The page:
X

Subscribe to our mailing list

* indicates required
I prefer to receive emails for

At the Center of a Bully Free Zone

Reading for Peace Program

Reading for Peace was initiated by dedicated volunteers who wanted to introduce The Conflict Center’s approach to solving problems and building more peaceful communities to younger children (preK-5). They felt the best way to do this was through stories and small group discussions about how the characters in the stories solved problems. The program was so successful it has become our longest running program and is implemented in schools across the metro-area every year. The enthusiasm of teachers and their students keeps Reading for Peace returning year after year. Children love not only stories but the opportunity to have the undivided attention of an adult that really cares about them.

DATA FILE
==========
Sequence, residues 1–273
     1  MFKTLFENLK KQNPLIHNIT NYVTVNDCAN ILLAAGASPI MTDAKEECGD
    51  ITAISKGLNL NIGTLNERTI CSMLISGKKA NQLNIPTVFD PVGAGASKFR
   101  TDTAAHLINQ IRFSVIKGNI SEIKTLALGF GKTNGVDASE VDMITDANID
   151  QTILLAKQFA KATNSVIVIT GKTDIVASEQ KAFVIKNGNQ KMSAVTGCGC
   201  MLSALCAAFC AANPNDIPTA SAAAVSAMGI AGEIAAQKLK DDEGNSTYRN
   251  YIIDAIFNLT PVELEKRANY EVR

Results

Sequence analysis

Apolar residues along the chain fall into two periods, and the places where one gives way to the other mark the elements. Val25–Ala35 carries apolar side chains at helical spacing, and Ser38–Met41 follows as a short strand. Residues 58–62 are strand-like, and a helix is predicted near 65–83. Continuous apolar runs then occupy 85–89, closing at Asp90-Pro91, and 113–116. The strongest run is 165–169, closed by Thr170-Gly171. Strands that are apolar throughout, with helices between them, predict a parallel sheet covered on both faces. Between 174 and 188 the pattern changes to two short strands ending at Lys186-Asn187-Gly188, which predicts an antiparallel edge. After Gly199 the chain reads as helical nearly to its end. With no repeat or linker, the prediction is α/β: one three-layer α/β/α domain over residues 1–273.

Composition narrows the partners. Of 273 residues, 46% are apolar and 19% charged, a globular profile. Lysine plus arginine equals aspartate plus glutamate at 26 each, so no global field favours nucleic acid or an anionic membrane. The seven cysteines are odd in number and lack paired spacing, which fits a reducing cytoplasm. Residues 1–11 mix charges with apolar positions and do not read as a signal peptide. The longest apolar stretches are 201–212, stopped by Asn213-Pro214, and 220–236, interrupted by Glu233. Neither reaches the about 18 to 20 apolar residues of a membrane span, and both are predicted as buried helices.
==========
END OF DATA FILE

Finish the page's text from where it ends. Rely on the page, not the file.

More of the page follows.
What is Reading for Peace?

Reading for Peace is a volunteer managed and run program that is offered to elementary schools throughout the Denver metro area. Each Thursday afternoon during the school year, volunteers meet at a designated school to read with small groups of children up to four classes participate on a given day. Volunteers visit the selected classes for half an hour each. They divide the class into small groups equal to the number of volunteers, usually two or three children for each volunteer.  Their time with the children is devoted to reading and discussing the books, specially selected to teach and reinforce the socio-emotional skills that are consistent with The Conflict Center’s programs. It’s not only the children who enjoy the groups, the volunteers also find the experience very meaningful.

Program Highlights

This program is organized completely by committed volunteers

17 active volunteers read to students in all grades from 10 schools in the past fiscal year

1,060 volunteer service hours were contributed to Reading for Peace in the past year

Longest running Conflict Center program, started by Liz Loescher in 1987

Bring us to your school!